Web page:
Managing the Madness of the Political Season
A story I often tell at PRIMA Institute is of a hot summer day in the heat of a political campaign season. Tasked with assisting security for the event, I helped with balloons, ice cream, crowds and the arrival of a “distinguished” politician.
Well, the heat melted the ice cream and the candidate was late, making for a tiresome, disappointing event. As the event closed, the candidate got into his big black SUV with tinted windows and proceeded to exit the public park.
In one pristine moment on that fine summer day, universes collided — school children arrived for a history lesson, the candidate’s posse turned on their vehicle engines and a flock of baby ducks, led by their parents, decided to cross the road.
As the SUV revved its engine in front of the school children — attempting a speedy exit — I did the only thing any sensible risk manager would do … I stood between the ducks and the SUV as a fellow employee shooed the ducks along.
He eventually revved his “engine” a little too loudly and too frequently — while the ducks still reside in the park generations later.
I found out later the politico’s “handler” called my boss and demanded I be fired.
Thankfully, my boss called me and asked me my side of the story and sided with the ducks. We often joke amongst ourselves when that individual’s name comes up that arrogance breeds contempt.
We also take solace that while the candidate won the race, he eventually revved his “engine” a little too loudly and too frequently — while the ducks still reside in the park generations later.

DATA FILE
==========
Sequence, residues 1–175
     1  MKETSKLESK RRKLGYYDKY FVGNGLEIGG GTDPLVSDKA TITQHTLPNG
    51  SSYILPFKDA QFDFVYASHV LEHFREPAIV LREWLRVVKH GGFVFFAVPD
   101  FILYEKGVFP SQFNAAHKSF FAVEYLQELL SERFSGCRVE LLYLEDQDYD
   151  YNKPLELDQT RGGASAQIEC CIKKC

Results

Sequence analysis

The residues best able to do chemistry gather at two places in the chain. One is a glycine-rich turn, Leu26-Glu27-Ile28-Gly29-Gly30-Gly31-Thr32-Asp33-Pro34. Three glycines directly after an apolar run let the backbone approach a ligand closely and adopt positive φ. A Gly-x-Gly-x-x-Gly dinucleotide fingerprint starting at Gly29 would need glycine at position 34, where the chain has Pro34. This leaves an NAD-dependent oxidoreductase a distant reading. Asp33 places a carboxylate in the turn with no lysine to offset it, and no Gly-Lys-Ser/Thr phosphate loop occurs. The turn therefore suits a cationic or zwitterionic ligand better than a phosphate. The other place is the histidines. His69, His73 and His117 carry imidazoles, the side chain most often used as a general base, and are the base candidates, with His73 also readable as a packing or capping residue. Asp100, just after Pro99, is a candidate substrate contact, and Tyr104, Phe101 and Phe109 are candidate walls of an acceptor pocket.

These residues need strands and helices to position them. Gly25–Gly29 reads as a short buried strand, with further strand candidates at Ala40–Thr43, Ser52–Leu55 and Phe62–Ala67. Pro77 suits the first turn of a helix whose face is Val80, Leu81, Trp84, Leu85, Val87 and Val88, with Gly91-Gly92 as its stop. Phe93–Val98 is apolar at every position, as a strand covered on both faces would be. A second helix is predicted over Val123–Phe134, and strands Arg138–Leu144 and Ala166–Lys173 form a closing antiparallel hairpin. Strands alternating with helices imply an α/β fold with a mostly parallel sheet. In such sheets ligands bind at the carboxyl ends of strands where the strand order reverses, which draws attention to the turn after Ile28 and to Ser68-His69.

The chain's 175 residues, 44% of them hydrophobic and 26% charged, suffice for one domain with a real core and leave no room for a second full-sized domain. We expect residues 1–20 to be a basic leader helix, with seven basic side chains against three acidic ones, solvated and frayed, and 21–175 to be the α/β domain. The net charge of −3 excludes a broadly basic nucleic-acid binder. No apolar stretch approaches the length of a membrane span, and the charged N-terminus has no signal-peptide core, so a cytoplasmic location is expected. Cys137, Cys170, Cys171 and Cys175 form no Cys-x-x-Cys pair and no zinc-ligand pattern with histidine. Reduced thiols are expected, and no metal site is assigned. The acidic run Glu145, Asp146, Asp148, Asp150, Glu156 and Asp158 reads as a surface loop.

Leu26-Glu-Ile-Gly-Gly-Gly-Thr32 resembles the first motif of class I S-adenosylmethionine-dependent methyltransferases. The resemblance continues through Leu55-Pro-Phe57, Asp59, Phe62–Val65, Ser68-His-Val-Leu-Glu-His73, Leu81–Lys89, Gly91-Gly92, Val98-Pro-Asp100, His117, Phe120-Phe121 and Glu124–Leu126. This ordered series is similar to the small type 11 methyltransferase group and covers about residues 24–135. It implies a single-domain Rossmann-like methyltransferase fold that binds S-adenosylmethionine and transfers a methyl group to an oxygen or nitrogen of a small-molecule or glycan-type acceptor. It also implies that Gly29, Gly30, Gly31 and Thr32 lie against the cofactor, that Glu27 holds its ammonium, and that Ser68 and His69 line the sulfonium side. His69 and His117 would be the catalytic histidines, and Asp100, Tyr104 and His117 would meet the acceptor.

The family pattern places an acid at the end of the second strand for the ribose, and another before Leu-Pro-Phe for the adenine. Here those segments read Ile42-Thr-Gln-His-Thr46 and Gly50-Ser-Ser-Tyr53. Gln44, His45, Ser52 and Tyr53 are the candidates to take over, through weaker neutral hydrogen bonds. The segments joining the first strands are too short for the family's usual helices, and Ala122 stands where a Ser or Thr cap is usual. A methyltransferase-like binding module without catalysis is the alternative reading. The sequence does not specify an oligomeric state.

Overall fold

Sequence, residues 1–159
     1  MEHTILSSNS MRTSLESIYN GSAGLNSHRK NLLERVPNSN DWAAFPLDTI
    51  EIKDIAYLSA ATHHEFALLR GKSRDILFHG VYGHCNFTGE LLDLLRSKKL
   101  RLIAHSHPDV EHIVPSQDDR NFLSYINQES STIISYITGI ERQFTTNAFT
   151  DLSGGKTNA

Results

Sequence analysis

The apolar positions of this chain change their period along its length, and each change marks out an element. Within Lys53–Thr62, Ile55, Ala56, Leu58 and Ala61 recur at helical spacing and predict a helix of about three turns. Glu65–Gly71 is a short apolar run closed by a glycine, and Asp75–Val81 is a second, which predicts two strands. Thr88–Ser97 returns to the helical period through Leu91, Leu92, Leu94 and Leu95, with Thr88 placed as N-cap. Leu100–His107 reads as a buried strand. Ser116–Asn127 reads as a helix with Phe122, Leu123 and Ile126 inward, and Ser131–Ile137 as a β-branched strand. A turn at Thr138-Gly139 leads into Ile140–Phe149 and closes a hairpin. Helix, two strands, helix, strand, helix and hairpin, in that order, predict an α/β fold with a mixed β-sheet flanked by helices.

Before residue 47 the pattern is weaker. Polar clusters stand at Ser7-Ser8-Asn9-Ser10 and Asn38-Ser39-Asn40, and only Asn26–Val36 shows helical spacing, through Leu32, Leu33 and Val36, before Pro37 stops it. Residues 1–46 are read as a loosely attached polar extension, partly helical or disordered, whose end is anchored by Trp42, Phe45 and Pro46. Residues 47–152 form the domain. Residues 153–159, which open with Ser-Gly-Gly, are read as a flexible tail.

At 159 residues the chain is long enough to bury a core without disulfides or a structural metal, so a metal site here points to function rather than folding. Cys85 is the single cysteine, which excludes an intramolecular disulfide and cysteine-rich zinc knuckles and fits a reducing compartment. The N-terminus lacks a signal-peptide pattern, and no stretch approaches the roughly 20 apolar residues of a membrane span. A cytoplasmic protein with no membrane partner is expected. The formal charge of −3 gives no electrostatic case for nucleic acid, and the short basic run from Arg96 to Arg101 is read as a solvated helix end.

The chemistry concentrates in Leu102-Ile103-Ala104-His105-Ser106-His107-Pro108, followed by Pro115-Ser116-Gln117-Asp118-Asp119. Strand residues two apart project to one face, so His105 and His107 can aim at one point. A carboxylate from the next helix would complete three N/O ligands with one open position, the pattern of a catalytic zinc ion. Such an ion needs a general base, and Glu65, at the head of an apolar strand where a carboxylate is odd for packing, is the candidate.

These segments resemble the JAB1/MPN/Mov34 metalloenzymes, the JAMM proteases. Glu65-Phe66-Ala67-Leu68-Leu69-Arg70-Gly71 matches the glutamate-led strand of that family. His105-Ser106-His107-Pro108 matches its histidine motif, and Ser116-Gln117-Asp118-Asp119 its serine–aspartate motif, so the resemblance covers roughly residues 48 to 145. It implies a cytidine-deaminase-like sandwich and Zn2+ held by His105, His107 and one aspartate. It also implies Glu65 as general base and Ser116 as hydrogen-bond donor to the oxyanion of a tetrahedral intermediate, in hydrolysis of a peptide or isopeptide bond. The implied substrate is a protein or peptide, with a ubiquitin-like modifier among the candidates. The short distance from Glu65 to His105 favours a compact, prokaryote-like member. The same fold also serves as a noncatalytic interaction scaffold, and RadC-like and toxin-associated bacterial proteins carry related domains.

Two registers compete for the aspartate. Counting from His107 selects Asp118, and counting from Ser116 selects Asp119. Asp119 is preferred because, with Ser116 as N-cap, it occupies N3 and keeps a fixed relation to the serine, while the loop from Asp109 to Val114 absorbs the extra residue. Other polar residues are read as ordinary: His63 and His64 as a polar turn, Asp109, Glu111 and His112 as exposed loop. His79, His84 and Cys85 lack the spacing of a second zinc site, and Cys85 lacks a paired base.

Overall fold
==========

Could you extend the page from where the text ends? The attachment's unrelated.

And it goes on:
Let’s talk about those baby ducks and the common sense of any candidate for office and the reality of governance of “for the people, by the people” and a few basis rules of survival.
Rhetoric may sell headlines, but it doesn’t make for credibility in public service. The internet, as a vast trove of snippet storage, never lets anyone forget a misstep, a slip of a phrase or an unkept promise.
Risk professionals work with the community and law enforcement to provide opportunities for discussion and deal with the fallout of overzealous patrons in the search for democracy.
As public risk professionals manage the madness that descends upon their communities and the disruption it brings to daily governance, they’ll question their sanity, their patience and the limitations of providing the opportunity for free speech within a fixed budget.
The moral of the duck flock, you ask?
It’s about distinguishing between the pressures of singular political aspirations versus the patient reality of the community one serves. Sometimes, the smallest of our actions in that one split second of each of our judgments sets the standards of who we as a community should all aspire to be.
Marilyn Rivers’ views are her own and don’t represent the City of Saratoga Springs.